When we look at the ocean plastic issue, it is primarily a land-based issue. 90% of the plastic in the water is coming from land. We really have a core focus on the ocean-bound plastic and capturing plastic before it gets into the water. The way we define and look at ocean-bound plastic is taking some insight from that Jambeck paper that I mentioned. We define it as plastic waste collected from within 30 miles of the coastline in an area that lacks a formal waste management system.

Everywhere we're working is informal waste management, it's not organized by a local government or a national government at any scale. It's all local entrepreneurs and people working to manage these waste issues. Within the certification, we have a pretty extensive social baseline in monitoring process where we approve and audit all collection points within a network that we work in.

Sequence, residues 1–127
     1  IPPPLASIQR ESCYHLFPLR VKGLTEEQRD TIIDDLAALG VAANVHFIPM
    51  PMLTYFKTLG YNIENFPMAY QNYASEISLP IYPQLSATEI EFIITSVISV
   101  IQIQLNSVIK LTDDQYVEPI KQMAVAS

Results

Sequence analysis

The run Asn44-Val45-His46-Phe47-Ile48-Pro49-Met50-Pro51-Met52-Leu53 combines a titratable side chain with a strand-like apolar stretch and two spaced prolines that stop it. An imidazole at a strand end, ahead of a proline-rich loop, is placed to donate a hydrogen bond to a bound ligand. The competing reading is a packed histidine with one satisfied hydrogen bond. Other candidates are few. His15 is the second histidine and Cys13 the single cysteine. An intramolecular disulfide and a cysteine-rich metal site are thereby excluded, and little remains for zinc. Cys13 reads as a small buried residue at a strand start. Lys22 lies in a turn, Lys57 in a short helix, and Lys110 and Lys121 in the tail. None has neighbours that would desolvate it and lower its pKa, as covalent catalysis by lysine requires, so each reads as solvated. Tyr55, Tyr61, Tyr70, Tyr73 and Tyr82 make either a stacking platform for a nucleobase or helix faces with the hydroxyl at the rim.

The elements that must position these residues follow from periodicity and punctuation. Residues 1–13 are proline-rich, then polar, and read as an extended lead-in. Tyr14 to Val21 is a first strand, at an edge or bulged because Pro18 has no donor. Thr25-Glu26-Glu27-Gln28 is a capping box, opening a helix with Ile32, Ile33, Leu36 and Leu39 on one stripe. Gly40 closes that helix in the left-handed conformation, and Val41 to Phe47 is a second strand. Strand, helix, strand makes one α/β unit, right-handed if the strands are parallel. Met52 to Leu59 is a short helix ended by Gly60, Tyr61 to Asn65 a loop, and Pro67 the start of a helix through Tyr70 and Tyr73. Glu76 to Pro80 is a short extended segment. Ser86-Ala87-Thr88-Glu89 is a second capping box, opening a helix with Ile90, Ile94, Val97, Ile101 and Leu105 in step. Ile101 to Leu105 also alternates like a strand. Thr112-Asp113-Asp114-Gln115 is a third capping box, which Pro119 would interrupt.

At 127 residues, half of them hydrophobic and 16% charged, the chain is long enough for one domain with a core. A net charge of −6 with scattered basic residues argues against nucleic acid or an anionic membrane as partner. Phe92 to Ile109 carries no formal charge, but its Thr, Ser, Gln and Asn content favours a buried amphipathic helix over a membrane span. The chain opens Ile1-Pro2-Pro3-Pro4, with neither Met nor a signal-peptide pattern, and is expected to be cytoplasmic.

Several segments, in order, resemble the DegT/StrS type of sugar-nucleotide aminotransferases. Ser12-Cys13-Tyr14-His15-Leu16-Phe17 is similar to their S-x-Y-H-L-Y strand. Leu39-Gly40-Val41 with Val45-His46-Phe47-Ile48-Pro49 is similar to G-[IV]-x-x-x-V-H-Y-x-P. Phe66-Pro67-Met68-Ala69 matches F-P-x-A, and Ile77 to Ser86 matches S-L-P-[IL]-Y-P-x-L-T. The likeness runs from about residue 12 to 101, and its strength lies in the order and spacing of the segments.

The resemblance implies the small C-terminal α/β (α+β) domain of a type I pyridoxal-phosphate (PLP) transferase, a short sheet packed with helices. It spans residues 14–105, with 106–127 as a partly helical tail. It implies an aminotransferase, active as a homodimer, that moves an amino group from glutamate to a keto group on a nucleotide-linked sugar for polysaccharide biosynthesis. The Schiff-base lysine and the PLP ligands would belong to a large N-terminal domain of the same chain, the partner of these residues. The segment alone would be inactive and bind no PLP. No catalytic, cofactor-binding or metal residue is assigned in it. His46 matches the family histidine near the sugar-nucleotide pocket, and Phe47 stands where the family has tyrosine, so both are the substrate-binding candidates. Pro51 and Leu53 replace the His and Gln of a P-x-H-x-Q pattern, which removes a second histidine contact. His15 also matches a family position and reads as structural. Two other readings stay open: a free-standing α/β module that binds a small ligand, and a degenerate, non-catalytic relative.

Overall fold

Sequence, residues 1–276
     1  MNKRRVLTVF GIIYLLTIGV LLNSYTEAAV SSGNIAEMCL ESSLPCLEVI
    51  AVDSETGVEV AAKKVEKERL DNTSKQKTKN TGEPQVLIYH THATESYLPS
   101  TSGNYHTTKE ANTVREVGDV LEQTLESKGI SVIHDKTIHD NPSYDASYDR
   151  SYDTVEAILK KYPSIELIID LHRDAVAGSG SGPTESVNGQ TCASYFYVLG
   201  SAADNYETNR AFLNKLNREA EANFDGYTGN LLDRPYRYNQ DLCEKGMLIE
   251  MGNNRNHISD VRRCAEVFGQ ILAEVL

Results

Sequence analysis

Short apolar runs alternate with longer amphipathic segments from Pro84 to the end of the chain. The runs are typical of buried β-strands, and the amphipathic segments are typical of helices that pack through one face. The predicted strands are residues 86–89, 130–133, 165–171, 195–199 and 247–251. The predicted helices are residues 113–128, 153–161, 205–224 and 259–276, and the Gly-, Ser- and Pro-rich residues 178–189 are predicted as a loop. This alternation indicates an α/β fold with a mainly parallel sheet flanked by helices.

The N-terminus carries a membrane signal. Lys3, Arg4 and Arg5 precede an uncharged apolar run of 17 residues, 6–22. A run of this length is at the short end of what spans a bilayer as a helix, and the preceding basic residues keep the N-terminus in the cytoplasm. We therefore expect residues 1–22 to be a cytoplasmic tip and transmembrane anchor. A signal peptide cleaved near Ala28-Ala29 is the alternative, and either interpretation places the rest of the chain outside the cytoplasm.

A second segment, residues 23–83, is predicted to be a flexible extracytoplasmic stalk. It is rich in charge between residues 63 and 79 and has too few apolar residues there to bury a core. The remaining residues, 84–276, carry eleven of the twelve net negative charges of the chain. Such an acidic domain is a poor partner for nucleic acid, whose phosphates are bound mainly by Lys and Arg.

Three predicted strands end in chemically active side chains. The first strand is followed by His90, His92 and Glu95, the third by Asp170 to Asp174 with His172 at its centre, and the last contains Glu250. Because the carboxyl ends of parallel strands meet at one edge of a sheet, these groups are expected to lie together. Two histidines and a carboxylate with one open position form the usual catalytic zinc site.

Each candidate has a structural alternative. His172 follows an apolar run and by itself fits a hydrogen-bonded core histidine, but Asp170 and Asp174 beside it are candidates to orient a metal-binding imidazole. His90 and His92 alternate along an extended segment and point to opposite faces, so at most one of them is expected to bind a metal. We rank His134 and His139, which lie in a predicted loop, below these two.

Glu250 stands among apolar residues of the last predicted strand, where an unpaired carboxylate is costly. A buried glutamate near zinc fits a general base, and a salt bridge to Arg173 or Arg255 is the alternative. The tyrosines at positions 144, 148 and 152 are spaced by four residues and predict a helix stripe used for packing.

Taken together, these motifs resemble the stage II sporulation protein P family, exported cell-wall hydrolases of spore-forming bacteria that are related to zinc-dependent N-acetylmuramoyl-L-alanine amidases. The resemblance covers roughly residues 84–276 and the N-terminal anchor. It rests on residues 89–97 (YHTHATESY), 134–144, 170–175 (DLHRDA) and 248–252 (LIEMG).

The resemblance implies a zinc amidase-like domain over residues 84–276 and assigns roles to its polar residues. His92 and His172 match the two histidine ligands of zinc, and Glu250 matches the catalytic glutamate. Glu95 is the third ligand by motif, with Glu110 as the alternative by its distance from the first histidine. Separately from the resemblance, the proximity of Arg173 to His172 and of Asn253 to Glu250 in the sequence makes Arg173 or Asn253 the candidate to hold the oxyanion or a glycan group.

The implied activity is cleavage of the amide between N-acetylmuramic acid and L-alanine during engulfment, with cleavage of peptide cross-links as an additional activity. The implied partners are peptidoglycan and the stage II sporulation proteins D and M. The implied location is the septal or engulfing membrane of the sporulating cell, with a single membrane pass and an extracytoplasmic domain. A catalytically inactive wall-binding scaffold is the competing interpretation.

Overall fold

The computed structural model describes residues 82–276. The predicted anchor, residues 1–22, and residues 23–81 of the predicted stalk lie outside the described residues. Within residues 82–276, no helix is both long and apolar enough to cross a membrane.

Then, the other piece of OceanCycle is that we will interface and work directly with brands who are looking to use ocean-bound plastics in their products. That could be helping on messaging and story development, it could be helping on engaging in the communities where the waste is collected. It could be helping on supply chain integration, but we really run the gamut. As a company, we don't sell material, we don't make any products ourselves. We really look at ourselves as a third party in the space.

[00:05:32] Liz: Got it. Okay. You don't necessarily have to mention any names, but can you walk through how you've helped a brand? Because, like you said, your model touches on so many parts of the value chain. Can you talk about how you've walked a brand through that?